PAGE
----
LAS VEGAS -- Auto and tech companies are racing to get human drivers completely out of their autonomous cars, perhaps as soon as this year.
Numerous companies have been testing small fleets of autonomous vehicles on highways and city streets, yet, to date, nearly all of these vehicles have had test drivers or engineers inside, ready to take over should the unexpected happen.
One of the hottest discussion topics at this week's CES conference -- formerly the Consumer Electronics Show -- is when companies expect to boot their so-called safety drivers out of their autonomous vehicles.
On Monday, a Toyota executive explained how the Japanese automaker is aiming to demonstrate a true self-driving vehicle -- one without a human babysitter -- in time for the 2020 Tokyo Summer Olympics.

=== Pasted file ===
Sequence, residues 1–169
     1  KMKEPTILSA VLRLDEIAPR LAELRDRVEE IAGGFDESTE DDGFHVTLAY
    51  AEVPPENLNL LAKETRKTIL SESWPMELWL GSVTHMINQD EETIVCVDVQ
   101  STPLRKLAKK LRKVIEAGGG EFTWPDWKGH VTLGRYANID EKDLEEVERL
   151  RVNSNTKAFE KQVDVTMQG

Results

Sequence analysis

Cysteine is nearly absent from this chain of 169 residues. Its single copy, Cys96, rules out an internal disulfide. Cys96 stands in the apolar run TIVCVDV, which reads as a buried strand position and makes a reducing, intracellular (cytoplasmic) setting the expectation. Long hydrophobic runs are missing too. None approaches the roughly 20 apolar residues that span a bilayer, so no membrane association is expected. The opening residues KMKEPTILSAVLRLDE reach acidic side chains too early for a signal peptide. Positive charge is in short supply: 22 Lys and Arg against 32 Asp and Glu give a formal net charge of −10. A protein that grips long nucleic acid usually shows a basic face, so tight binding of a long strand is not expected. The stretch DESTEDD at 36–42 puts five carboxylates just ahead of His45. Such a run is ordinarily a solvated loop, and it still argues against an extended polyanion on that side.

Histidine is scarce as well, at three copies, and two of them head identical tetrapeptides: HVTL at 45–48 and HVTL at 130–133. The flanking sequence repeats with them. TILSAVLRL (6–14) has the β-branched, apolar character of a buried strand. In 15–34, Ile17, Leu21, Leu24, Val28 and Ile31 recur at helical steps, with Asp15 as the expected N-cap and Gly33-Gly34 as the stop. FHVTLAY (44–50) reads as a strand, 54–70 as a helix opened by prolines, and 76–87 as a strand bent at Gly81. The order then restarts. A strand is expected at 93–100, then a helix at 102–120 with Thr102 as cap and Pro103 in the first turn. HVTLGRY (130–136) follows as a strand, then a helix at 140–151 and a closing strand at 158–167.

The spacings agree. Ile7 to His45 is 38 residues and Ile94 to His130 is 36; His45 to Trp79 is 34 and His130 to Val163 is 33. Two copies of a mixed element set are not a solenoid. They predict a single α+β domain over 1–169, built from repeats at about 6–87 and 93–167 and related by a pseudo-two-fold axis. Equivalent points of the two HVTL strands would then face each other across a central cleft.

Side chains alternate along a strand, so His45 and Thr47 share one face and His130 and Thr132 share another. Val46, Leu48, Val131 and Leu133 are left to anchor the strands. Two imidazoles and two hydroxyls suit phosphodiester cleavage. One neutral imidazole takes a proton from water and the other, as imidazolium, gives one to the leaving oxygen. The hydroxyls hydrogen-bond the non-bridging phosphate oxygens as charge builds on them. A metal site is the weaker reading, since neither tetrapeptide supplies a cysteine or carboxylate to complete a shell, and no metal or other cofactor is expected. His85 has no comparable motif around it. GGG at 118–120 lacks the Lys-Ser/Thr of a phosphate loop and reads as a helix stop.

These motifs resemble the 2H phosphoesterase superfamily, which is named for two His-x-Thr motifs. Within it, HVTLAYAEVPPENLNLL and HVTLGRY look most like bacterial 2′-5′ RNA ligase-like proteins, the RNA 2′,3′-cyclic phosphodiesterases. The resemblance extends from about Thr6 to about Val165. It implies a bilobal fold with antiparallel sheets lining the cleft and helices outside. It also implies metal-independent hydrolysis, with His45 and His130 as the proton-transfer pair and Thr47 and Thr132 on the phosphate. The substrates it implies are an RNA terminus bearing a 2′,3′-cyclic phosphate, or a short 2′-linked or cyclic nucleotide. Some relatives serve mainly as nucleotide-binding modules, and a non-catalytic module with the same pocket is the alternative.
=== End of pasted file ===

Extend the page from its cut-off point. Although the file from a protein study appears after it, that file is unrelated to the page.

Well before the summer games, General Motors has said it plans to have a fleet of driverless electric Chevy Bolts in certain urban areas as part of a ride-hailing service.
Mike Ableson, GM's vice president of global strategy, said Monday during a CES panel on autonomous driving that the company still aims to have these heavily modified Bolts up and running for commercial service sometime in 2019.
Gill Pratt, head of the Toyota Research Institute, told reporters that his company's future vehicle -- a true self-driving car -- would be considered "Level 4" autonomous.
Under a widely followed National Highway Traffic Safety Administration classification system, a Level 4 autonomous car has the ability to drive itself most of the time, but still has a steering wheel and pedals for manual driving in bad conditions or for tricky maneuvers.
By comparison, Cadillac's new Super Cruise function and Tesla's "autopilot" mode are considered Level 2 autonomy and allow for hands-free driving in many settings, such as freeways in good weather.
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